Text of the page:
About Friesians, one of the oldest breeds in Europe, is indigenous to what is now the Netherlands. Today, Friesian horse production is mainly limited to the province of Friesland, where it is bred in the so-called meadow districts and in sandy soil areas.
The Friesian horse is unique. It developed from a very old breed which was inherent to all of Western Europe. It’s the only horse native to Holland. Historically speaking, the Friesian horse has been influenced by eastern bloodlines and has often been threatened with extinction.
Armoured knights found the Friesian Horse very desirable, having the strength, courage and heart to carry great weight and still maneuver precisely in the face of the enemy. The Friesian was used as a war horse by Friesian Soldiers fighting with the Roman Armies. Hungarian King Louis II used a Friesian Stallion on the battlefield on June 15, 1526. The suppleness and agility of the Friesian Horse became sought after in the riding schools of Paris and Spain in the 15th and 16th centuries.
In the middle ages, it was mainly a knight’s horse, but in the 18th and 19th century the Friesian was especially famous as a trotting horse on short distances.
The Friesian was so adapted as a fast trotting coach horse that it was, in fact, Friesians who invented trotting races over short distances during the 18th century. This version was of little use in its principal form of work – on the farms – and its numbers declined drastically. At one time, the amount of registered Friesian Horses became even less than one thousand and the fate of the breed was uncertain.
Just before World War I it was close to extinction, but judicious crossing with Oldenburg lead to its revival. During World War II, because of petrol shortages and other factors, it came into its own again. It was honoured in 1954 when Queen Juliana of the Netherlands granted its Breed Society the right to preface its name with the word ‘Royal’.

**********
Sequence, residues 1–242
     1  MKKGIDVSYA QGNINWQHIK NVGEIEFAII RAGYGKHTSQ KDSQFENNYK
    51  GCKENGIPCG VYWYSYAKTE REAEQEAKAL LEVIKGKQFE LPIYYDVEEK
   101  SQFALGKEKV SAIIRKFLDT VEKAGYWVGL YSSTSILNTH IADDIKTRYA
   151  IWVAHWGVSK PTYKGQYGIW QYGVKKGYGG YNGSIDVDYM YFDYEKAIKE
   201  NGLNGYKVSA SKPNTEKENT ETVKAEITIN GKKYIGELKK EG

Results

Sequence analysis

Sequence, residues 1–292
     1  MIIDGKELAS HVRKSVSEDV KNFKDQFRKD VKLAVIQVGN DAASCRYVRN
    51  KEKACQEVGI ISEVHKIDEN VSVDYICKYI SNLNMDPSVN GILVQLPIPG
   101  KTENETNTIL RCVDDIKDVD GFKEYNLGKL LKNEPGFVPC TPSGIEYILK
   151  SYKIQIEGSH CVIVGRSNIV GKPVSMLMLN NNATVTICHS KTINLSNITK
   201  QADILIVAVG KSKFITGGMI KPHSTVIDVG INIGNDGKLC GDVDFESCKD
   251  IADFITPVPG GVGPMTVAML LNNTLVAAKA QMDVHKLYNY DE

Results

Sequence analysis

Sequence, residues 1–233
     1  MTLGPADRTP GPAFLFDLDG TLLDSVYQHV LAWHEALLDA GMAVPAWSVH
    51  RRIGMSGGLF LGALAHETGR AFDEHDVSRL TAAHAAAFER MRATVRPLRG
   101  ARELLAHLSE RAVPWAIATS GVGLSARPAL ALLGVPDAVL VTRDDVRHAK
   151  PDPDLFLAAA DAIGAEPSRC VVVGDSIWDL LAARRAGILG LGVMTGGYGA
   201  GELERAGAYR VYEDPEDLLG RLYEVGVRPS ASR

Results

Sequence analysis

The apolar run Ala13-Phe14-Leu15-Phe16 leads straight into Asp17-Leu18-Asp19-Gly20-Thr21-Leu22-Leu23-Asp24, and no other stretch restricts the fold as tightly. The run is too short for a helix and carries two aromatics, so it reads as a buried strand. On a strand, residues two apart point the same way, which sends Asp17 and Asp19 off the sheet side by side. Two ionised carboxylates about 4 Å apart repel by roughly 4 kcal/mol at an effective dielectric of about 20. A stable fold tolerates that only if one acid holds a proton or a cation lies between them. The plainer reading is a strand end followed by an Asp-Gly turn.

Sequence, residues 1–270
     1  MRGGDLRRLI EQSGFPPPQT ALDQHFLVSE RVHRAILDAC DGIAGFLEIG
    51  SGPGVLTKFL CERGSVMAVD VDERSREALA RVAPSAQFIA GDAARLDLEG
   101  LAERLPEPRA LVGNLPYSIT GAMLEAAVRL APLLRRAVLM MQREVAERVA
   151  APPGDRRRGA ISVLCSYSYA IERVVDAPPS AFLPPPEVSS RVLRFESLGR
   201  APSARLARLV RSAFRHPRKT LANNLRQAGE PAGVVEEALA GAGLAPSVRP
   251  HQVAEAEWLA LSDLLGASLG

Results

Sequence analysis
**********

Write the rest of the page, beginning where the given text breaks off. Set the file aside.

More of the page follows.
Breeding is done under STRICT guidelines such as selection, performance testing and classification to ensure the quality of the breed remains VERY high. The “Friesch Paarden Stambook” (Friesian Horse Registry) dates back to 1879. Until 1943, both purebred and crossbred Friesian Horses were registered.
The Friesian horse is enjoying a revival. The Friesian is a noteworthy sight in the show ring with its shiny black coat, flying mane and tail, and high action form an imposing image. The Friesian is, by nature, a talented show horse.
Friesian Horses are always black. White markings are not allowed on the body or legs. A small white forehead star is allowed. They have a long, thick, flowing mane and tail and pronounced fetlock hair. Under no circumstance is it permissible to dock the tail of a Friesian and, in fact, trimming of any hair from mane, tail or legs is frowned upon. The Friesian Horse holds it head high and proud with an arching neck.
- The head is relatively short and the width is proportional to the length.
- The ears are small and alert with the tips pointing slightly toward each other.
- The eyes are large and shining.
- The nasal bone is slightly hollow or straight; nostrils are wide.
- The lips are closed and the teeth meet properly.
- The jaw bones are not heavy and are spread wide apart to allow the horse to breathe easily while at work.
- The head is set gracefully on the neck with adequate space for the throat. Overall, the head is dry and expressive and blends smoothly into the neck.
- The neck is lightly arched at the crest. It is long enough for the horse to bend properly and is adequately muscled. The neck is set on high and the lower neckline does not bulge between the throat and the chest. The neck is lightly arched at the crest. It is long enough for the horse to bend properly and is adequately muscled.
- The body is strong and deep with a sloping shoulder.
- The withers are well developed, prominent and, in particular, blend gradually into the back.
- The rear quarters are sloping with a somewhat low-set tail.
- The back is not too long and is well muscled. A slightly low back is allowed.
- The loin is wide, strong and well muscled and makes a smooth transition into the croup.
- The croup is of good length and slopes slightly downward; it is wide and muscular. It neither forms a point nor is overly rounded.
- The tail is not set on too low.
- The gluteal muscle is long and well developed.